UNHCR warns of dire impact from floods in South Sudan as new wet season looms
UNHCR, the UN Refugee Agency, warns today that prolonged flooding and displacement in South Sudan is expected to worsen when the wet season begins in May. Urgent action is needed to protect already vulnerable populations from its worst impacts.
South Sudan – a fragile country struggling to overcome political and economic challenges since it gained independence in 2011 – had its worst flooding on record in 2021. More than 835,000 people were impacted, according to the UN Office for Humanitarian Affairs.
Record rainfall in the past three years and overflowing rivers have flooded thousands of hectares of farmland in eight states and prevented people from cultivating. Nearly 800,000 livestock are thought to have perished. This has decimated the subsistence farming that most communities depend upon to survive and substantially worsened food insecurity.
Thirty-three out of 79 counties are badly affected by the flood waters, which have not significantly subsided since the last wet season. The impacts are especially harsh in Jonglei, Unity and Upper Nile states, where thousands of people have been displaced, while others are marooned in dike-ringed compounds, holding back floodwaters with mud, sticks and plastic sheeting.
The approaching wet season threatens to swamp extremely remote communities where residents are already surrounded by floodwater.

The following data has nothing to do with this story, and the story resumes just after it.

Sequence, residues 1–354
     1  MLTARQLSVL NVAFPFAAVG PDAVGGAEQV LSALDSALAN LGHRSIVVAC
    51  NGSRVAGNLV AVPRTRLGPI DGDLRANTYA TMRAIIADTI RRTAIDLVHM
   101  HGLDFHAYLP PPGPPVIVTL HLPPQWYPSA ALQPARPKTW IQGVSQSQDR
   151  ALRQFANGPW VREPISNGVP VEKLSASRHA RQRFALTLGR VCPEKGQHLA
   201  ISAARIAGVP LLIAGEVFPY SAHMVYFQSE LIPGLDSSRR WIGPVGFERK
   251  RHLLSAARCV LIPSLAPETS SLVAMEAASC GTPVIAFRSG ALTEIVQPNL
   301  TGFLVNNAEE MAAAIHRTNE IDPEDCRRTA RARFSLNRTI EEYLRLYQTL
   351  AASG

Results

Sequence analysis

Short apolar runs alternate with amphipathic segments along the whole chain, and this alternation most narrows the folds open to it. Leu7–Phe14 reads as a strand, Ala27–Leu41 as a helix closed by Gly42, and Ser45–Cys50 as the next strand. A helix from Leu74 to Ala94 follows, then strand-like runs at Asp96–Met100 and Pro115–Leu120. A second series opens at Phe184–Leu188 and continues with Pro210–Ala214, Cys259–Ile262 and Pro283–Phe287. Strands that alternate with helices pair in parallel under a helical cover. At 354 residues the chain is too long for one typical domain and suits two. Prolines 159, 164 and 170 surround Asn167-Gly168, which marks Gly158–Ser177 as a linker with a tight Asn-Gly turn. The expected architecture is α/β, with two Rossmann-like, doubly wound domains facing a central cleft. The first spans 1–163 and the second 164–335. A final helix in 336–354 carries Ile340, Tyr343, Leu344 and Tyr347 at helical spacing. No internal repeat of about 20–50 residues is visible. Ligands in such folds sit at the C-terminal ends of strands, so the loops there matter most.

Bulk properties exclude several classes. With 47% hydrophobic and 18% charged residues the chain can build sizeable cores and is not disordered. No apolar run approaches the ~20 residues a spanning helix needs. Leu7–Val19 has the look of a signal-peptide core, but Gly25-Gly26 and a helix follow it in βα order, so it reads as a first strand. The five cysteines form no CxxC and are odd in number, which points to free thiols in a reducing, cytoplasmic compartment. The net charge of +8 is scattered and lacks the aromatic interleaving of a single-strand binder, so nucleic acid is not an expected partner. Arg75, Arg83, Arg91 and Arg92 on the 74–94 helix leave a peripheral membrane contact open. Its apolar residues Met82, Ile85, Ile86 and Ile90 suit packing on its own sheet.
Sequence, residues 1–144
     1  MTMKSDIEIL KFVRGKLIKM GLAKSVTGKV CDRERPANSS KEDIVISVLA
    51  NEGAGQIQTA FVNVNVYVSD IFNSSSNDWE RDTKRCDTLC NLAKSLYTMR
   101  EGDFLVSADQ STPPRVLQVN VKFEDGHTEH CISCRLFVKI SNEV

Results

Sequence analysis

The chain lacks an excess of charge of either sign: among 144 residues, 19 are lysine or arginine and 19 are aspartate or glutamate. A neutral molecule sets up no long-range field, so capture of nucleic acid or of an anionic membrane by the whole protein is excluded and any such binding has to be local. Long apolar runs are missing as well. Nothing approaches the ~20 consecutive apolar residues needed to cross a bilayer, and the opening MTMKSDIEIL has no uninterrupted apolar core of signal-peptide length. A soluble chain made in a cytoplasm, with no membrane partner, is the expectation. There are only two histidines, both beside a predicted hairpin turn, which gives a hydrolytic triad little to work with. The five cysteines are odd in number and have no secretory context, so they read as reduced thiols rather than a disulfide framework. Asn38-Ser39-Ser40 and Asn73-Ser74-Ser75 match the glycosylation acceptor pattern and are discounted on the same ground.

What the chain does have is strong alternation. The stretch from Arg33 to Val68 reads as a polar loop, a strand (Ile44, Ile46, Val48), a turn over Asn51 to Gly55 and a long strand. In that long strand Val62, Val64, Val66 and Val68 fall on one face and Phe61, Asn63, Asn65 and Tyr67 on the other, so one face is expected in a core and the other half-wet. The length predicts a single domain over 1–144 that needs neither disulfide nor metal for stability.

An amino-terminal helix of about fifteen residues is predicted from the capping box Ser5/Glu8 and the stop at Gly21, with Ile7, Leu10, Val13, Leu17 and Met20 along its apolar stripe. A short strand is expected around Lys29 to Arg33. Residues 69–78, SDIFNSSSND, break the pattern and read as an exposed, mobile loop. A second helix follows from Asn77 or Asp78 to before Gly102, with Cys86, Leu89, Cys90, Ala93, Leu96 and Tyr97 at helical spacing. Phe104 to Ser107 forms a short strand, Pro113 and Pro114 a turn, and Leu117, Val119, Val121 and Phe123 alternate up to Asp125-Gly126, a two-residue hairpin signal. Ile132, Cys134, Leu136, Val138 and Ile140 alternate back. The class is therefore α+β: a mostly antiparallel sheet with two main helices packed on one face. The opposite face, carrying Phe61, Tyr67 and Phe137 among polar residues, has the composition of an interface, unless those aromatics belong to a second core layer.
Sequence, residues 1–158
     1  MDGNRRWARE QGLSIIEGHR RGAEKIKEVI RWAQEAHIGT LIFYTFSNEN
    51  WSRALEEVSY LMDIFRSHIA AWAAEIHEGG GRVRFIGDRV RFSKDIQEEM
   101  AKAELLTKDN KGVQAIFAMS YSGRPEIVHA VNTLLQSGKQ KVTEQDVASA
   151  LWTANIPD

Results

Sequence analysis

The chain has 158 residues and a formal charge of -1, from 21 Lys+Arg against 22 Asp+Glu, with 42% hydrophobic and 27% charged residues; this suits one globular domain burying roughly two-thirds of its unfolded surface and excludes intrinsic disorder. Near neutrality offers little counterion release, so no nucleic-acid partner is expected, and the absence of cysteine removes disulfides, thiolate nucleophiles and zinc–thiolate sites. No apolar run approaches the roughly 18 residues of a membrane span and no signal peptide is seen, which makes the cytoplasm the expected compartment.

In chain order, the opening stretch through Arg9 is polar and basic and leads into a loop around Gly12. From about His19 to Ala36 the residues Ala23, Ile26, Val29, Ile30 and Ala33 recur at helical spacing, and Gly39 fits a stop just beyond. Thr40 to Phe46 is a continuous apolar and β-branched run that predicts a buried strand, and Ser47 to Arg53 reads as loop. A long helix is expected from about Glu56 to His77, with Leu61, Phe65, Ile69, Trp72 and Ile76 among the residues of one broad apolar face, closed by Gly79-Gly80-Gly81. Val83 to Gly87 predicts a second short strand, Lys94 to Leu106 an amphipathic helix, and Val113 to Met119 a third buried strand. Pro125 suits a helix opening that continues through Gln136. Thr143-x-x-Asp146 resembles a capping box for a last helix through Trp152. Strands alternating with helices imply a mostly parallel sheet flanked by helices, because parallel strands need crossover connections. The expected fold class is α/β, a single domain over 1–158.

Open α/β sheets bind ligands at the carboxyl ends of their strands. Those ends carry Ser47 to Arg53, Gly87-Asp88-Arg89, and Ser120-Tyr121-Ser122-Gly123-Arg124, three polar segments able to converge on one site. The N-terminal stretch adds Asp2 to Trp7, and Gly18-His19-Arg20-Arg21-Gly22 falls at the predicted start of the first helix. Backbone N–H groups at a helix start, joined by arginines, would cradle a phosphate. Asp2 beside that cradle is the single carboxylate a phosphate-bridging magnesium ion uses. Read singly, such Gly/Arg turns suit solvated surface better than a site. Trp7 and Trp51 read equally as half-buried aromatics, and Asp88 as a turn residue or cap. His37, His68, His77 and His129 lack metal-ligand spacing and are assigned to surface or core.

Such climate events will worsen in future, as extremes become the norm, not the exception. Globally, floods and droughts are becoming more frequent and intense. Developing countries, like South Sudan, contribute the least to carbon emissions, but are disproportionately affected.
During a five-day visit earlier this month, I toured Old Fangak, Malakal, Jamjang and Bentiu and saw the human impact of this flooding. I also travelled to Yida refugee camp, which in polar opposite is in the grip of drought.
Access to the most vulnerable populations is a major impediment for humanitarian relief. Poor or no road infrastructure make it hard for external support to reach remote locations, such as Old Fangak, where the former airstrip is completely submerged and currently unusable for landing.
Despite multiple challenges, residents have been extremely generous to those displaced by violence or hazardous weather events, often sharing the meagre resources they have. However, they need sustained support to avert devastating consequences.
In Old Fangak, I met with a twice-displaced woman in her 70s, who spent her days deep in murky floodwaters, desperately plugging a porous earthen dike with sticks and mud, to prevent water swamping the small compound housing her family. It is truly heartbreaking to see.
Ahead of the rains, marooned residents of Old Fangkak said they need water pumps to bail out their compounds. Heavy equipment is also needed to make sturdy flood barriers and build mounds to keep their livestock above water.
UNHCR has provided plastic sheets, hoes, spades, and sandbags to help strengthen their flood defenses, and is supporting families displaced to Malakal and other towns.
If we do not step up our support for the people of South Sudan, the climate crisis coupled with ongoing insecurity mean that resources will further shrink, leaving people with no means to survive.
We know that if we do not act now, the cost will be high, with devastating human consequences. Accelerated action is required to avoid mounting losses, ensure we are better prepared, and secure a liveable and sustainable future for all.
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